Saudi Crown Prince Mohammed bin Salman meets with U.S. Secretary of State Rex Tillerson in Jiddah, Saudi Arabia, on July 12, 2017. (Bandar Algaloud/Courtesy of Saudi Royal Court via Reuters)

Secretary of State Rex Tillerson’s quest to mend a squabble among Persian Gulf countries will continue Thursday in Qatar after a day of talks with Arab diplomats in Saudi Arabia ended with no signs of an imminent breakthrough.

Tillerson’s trip to Qatar to meet with its leader suggested, however, that the four Arab countries leading a month-long embargo against Qatar may be willing to relent, at least in part, on the 13 maximalist demands they made two weeks ago before Qatar flatly rejected them. Tillerson will report to the Qatari leader on the various points of view expressed Wednesday at talks in the Saudi coastal city of Jiddah, aides said.

Saudi Arabia, Bahrain, the United Arab Emirates and Egypt are leading a bloc of countries that severed diplomatic and trade ties with Qatar last month, ostensibly over its alleged support for groups they consider terrorists, notably Hezbollah and the Muslim Brotherhood.

On Tuesday, Tillerson signed an agreement with Qatar for the two countries to work together trying to plug the pipeline of funds flowing to terrorist groups, a separate deal that nevertheless addressed one of the main demands of the boycotting nations.

Immediately after the deal, however, the four Arab countries declared in a joint statement that the agreement fell far short of their demands. They also claimed credit for the agreement that Qatar signed with the United States, saying it was their stance that pressured Qatar to take steps against networks that finance terrorism.

Before meeting with Tillerson, Saudi Foreign Minister Adel al-Jubeir deflected a question about his thoughts on the Qatari agreement.

“We have many thoughts, and I will discuss them with the secretary,” he replied.

Tillerson has expressed frustration with the ongoing feud, fearing that it is a distraction from counterterrorism efforts and boosts support for Iran. Tehran has sided with Qatar by letting it use its airspace after other countries closed their airspace to flights in and out of Qatar.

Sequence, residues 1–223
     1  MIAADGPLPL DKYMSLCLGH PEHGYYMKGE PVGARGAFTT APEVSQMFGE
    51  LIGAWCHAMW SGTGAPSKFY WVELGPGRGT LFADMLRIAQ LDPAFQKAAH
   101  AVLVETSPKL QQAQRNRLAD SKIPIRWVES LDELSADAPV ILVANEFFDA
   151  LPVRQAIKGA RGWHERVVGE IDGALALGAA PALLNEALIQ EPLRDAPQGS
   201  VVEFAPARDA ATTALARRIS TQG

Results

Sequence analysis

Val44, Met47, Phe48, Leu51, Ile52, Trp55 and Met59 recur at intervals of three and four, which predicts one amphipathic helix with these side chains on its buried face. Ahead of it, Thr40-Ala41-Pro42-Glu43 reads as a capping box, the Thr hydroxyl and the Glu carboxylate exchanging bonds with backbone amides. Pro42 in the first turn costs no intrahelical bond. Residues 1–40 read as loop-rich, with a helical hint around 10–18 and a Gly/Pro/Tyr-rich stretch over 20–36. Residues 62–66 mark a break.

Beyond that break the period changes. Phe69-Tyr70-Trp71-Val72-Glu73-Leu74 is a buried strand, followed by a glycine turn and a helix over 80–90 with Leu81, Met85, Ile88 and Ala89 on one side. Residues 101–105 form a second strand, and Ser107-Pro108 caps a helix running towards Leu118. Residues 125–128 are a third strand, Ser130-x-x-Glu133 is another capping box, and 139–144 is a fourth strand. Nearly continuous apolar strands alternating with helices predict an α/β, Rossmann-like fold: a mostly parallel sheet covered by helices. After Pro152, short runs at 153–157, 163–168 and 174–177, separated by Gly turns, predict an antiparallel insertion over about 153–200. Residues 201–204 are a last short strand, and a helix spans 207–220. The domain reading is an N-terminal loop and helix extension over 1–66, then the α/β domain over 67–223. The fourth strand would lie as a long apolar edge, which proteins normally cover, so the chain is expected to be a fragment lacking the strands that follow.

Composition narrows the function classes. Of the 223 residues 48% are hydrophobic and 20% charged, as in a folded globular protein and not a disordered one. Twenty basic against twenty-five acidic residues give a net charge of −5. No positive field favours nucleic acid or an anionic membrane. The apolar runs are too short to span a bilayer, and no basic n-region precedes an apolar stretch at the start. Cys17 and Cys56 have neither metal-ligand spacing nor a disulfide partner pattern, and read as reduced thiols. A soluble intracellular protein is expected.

State Department officials have said that none of the countries in the region have “clean hands” on the issue of allowing money from their territories to flow to terrorists and that the United States wants them to focus on ways to stop it instead of becoming entangled in a regional spat.

On the surface, the dispute is about Qatar’s alleged support for terrorists, which it denies, and its relationship with Iran, which is geographically so close to Qatar that it can be reached by ferryboat.

But Qatar has said it thinks the embargo is an attack on its independent foreign policy, which differs in important ways from that of Saudi Arabia. For example, Iran and Saudi Arabia are bitter rivals for influence in the region, while Qatar maintains friendly relations with Tehran. And among the demands made on Qatar is that it close the news network Al Jazeera, which reports critically on many Arab governments.

Tillerson was joined in the talks in Saudi Arabia by the foreign minister of Kuwait, which has been unsuccessful so far in its efforts to mediate the diplomatic row. In a rather unusual choice of venue, the meetings with the four foreign ministers were held in the opulent VIP departure lounge at Jiddah’s international airport. Tillerson also traveled to private villas to meet with King Salman and the newly designated crown prince, the king’s son Mohammed bin Salman.